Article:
The department of nursing education may be separated from the School of Medicine and Health Sciences and potentially form a new school by July 2011, a University official said on Monday.
Jean Johnson, senior associate dean for health sciences, said “the strong and developed” nursing program is well prepared to make the transition.
In November, plans to separate the Department of Health Sciences from the medical school were confirmed by Johnson, but those plans have evolved, she said, to create a school of nursing instead of a school of health sciences.
If put in place, the separation is expected to attract distinguished research faculty and potential donors to the nursing program, Johnson said.
“We would have a better opportunity for partnering and doing international work,” she said, adding these opportunities could encourage an even more global perspective among nursing programs.
Johnson said the University’s medical faculty supports the idea of a school of nursing, and the School Formation Committee will make its proposal to the Board of Trustees in May.
Earlier this month, the Carnegie Foundation for the Advancement of Teaching released a study calling for the radical transformation of nursing in the United States.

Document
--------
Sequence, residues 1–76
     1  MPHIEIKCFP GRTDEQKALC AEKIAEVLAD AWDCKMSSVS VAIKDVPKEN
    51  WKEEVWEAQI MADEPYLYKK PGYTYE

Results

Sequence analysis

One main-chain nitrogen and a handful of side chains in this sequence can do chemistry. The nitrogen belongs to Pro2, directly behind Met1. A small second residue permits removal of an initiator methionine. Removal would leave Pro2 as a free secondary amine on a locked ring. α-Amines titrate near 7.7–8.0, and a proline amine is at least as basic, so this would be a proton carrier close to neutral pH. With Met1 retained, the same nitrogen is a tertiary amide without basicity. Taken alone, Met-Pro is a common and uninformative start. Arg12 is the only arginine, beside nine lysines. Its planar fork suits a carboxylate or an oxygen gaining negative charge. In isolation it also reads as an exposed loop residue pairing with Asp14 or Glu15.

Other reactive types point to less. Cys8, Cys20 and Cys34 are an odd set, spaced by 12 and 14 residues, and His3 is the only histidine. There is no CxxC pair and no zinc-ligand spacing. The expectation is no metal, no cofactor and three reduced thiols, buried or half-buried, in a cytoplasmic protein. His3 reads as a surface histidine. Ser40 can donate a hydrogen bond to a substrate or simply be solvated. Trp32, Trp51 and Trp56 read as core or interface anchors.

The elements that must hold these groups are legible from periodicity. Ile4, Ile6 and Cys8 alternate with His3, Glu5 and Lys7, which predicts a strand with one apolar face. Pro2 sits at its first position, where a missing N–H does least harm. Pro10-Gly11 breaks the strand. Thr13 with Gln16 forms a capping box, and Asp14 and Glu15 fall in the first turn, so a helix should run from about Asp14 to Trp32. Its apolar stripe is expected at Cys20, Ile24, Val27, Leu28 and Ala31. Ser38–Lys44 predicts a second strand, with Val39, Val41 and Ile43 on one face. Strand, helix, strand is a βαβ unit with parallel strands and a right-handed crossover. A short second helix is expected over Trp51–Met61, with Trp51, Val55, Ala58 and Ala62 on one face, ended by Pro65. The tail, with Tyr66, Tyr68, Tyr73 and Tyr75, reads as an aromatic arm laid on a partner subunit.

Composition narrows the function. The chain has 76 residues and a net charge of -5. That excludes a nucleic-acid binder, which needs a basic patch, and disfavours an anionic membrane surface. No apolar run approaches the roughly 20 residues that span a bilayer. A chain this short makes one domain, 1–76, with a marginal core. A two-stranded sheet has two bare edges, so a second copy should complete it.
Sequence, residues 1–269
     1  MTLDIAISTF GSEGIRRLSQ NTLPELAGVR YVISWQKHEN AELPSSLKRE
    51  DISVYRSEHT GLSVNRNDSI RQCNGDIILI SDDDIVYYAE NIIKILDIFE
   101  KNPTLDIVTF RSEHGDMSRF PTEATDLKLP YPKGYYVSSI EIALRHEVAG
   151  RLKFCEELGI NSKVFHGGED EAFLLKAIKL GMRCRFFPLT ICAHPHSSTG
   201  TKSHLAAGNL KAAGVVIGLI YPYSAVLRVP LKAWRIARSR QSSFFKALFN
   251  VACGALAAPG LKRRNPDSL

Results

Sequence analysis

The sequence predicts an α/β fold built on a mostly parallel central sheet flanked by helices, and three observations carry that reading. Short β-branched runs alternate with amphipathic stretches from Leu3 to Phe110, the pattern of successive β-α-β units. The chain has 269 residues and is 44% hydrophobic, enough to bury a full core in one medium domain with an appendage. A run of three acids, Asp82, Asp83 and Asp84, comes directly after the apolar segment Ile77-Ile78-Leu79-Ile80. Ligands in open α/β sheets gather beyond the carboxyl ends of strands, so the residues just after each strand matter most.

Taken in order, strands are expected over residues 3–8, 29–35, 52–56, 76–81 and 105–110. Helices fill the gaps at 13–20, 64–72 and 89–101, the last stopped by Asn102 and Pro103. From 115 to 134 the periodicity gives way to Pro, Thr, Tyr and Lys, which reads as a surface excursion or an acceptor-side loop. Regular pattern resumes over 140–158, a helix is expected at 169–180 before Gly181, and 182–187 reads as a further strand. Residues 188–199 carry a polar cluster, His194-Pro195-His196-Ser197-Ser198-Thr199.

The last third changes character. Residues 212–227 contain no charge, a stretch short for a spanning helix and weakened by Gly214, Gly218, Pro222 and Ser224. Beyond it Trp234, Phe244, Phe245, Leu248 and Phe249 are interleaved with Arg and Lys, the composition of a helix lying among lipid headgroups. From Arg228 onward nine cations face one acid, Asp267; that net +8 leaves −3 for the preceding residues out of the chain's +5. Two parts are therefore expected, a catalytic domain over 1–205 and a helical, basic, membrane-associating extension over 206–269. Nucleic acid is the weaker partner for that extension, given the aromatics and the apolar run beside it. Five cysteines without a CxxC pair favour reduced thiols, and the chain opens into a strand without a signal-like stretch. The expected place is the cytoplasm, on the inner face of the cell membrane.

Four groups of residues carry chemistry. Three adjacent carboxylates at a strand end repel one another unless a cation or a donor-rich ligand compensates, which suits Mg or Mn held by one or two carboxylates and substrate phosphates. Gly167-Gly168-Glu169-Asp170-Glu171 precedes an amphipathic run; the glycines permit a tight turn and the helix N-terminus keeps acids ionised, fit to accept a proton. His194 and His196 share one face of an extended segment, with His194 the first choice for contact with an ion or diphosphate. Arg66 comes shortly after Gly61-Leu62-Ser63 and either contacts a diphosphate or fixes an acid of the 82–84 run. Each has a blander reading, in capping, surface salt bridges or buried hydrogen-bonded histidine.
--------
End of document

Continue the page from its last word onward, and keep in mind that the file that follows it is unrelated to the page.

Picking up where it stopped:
“The profession of nursing in the United States is at a significant moment. It must contend with enormous pressures, from the chaotic health care system and the economic forces that drive it to profound changes in science, technology and patient activism,” the study says. “These demands, combined with ongoing shortages in the ranks of nurses and shifts in the nature and settings of nursing practice, have an impact on the profession’s ability to uphold and transmit its core values.”
While the current program tends to attract about the same number of nursing students as schools with similar programs, like Duke University, Johnson hopes the potentially new nursing school will increase enrollment by attracting the “best and the brightest.”